If you decide to make a run at life not having to answer to anyone, that is, not having to deal with someone with a different opinion that can effect the outcome of your proposal, you find your responsibilities are half of the married person, but at the same time, the rewards for sharing the responsibilities without a partner are zero. hmmmm

Interesting how that works - keep the faith.

(This is from the Heritage Foundation -)

Family and Religion.

The number of unmarried couples living together has surged to 6.4 million, up from just one million three decades ago.

“It used to be called ‘shacking up,’” Heritage Vice President Rebecca Hagelin writes on “Now it’s just another lifestyle choice.” She points out that growing bodies of social science research reinforce what has been understood for millennia: marriage is the bedrock of society, providing a solid social foundation not just for the husband and wife but for their children as well.

“Society needs a critical mass of intact families to function effectively,” she concludes. “That’s why the debates about same-sex ‘marriage’ and cohabiting couples merit more than a shrug of the shoulders.” Find out more at Heritage’s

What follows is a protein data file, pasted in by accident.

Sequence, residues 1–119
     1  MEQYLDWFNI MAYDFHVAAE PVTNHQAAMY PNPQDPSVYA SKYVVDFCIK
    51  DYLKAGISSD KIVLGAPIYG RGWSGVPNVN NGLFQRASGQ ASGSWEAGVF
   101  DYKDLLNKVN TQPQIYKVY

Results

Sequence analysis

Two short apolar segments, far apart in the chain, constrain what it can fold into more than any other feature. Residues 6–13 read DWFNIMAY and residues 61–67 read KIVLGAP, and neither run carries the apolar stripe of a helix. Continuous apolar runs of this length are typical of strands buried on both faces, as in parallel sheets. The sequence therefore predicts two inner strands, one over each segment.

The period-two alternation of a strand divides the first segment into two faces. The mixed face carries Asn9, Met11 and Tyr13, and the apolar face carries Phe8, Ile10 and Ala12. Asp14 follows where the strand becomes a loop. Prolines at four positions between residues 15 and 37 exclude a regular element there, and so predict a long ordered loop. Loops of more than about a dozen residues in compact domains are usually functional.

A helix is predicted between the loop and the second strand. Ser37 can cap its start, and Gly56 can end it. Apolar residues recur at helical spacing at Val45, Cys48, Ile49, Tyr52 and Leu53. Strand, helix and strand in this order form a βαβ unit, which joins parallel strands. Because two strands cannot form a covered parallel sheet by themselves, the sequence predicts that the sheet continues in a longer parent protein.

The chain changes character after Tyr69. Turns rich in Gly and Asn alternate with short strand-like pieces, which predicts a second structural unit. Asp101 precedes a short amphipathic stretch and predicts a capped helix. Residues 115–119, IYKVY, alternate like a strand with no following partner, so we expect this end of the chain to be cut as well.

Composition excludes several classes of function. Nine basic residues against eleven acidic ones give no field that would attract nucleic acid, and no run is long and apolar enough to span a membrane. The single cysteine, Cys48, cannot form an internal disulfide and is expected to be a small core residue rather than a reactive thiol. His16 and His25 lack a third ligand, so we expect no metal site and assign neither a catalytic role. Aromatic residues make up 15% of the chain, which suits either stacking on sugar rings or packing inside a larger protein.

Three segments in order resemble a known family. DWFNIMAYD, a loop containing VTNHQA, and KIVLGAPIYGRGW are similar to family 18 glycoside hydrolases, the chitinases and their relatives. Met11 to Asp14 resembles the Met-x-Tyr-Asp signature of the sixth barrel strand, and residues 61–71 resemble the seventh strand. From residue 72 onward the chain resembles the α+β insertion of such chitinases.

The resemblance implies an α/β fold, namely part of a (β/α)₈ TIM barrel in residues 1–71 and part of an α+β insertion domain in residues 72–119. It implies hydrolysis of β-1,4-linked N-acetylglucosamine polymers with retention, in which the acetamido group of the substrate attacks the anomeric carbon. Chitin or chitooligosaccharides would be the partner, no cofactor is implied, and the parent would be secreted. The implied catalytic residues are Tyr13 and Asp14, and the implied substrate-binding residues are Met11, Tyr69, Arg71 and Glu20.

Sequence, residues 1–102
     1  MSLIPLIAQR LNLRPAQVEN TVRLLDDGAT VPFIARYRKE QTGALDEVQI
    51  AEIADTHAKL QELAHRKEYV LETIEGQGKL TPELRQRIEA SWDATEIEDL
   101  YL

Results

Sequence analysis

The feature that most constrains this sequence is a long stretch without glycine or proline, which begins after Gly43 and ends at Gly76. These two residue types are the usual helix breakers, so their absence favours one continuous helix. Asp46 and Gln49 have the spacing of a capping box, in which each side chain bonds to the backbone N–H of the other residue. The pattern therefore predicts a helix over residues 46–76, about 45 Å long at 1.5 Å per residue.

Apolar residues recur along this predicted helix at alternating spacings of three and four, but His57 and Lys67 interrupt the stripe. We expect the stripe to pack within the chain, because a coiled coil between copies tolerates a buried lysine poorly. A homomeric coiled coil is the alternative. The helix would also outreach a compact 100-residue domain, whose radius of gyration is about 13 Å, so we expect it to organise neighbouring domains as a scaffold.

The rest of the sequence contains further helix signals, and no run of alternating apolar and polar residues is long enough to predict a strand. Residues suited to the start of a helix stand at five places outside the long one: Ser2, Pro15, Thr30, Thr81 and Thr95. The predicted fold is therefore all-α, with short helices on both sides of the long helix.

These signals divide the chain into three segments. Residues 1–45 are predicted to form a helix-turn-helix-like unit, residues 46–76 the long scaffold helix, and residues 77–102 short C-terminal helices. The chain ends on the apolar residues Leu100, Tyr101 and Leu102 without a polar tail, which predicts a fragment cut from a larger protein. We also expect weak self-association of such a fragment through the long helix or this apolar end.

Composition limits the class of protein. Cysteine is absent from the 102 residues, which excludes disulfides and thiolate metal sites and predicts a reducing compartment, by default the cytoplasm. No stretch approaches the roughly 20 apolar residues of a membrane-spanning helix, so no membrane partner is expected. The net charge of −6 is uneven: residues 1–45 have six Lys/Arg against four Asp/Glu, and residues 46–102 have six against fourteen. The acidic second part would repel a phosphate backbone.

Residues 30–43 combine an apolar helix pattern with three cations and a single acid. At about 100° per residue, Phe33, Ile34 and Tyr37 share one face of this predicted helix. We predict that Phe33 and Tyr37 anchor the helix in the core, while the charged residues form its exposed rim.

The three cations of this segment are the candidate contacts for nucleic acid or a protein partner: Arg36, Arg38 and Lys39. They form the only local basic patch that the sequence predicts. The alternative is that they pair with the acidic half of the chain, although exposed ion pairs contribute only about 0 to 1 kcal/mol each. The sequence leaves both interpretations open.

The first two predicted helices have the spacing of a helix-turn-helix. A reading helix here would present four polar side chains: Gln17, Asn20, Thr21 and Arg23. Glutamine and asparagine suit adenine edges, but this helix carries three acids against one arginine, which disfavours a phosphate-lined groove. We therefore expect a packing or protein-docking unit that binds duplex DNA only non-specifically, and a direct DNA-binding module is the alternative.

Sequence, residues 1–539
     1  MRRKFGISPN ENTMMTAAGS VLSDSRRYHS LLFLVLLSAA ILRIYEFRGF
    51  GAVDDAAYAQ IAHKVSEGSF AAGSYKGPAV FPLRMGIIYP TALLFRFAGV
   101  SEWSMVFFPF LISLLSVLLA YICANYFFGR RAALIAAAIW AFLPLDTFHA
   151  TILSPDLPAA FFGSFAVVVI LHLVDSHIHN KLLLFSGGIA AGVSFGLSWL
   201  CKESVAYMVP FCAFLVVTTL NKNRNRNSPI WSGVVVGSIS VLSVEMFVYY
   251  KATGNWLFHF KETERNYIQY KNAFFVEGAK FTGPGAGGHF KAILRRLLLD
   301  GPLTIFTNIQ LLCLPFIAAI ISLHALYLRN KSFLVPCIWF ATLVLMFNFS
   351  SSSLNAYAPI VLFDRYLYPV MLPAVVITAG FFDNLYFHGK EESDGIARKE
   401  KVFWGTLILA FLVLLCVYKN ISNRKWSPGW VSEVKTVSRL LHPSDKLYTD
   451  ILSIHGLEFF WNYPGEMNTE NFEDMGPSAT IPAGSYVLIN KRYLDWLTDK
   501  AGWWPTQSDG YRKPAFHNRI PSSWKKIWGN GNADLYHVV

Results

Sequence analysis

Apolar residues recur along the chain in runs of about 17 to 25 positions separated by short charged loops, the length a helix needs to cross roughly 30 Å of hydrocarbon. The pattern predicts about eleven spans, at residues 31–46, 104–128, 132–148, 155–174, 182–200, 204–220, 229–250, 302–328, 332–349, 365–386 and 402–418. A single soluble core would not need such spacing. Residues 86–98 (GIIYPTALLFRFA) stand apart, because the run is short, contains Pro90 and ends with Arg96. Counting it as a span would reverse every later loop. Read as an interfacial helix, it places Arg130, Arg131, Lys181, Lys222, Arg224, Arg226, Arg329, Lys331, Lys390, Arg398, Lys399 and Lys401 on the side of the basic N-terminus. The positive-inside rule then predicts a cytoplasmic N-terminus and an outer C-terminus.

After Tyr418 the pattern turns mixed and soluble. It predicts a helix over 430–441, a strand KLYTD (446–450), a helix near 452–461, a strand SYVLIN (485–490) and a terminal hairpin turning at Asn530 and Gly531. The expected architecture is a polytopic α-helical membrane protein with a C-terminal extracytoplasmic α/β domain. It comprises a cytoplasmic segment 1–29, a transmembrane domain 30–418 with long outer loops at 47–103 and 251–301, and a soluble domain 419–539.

Obama's Education and Experience ; Saul Alinsky's Radical Socialism

Once again we have an inside look at what Barack Obama has in store for America. With Saul Alinsky as his teacher and mentor, we don't have to be rocket scientists to figure out he wants to "change" our way of life. Saul Alinsky is a radical socialist.

Barack Obama's background experience with radical socialism in Chicago should tell us all we need to know about who he really is.

The change he has in mind isn't anything like he say he wants, his rhetoric is just a play on words to camouflage his real intent. He wants to change who we are whether we want to give up our lives of self direction and personal freedom or not. We are too stupid and uninformed to understand what is in our best interest.

Make no mistake about this, Obama wants to take what you have in material wealth and divide it up to even the "playing field". Read this as 'taking from the productive and giving to the unproductive". Marxist Socialism that is right out of the book. Freedoms that we now enjoy will be a thing of the past.

This article is pointing out just how Barack Obama has been able to convince the general public that his intentions of 'change' is for a better America and are for our own good -.

Obama does not have our best interests at heart. Everything he says has two meanings and both will ultimately cause damage to our country for generations to come.

Keep the faith - prepare to fight the good fight - stay alert - we can win the battle but it sure won't be easy! Righteous battles are always difficult.

Obama's Radical Roots And Rules

Posted Thursday, August 14, 2008

Most Americans revile socialism, yet Barack Obama's poll numbers remain competitive. One explanation: He's a longtime disciple of a man whose mission was to teach radicals to disguise their ideology.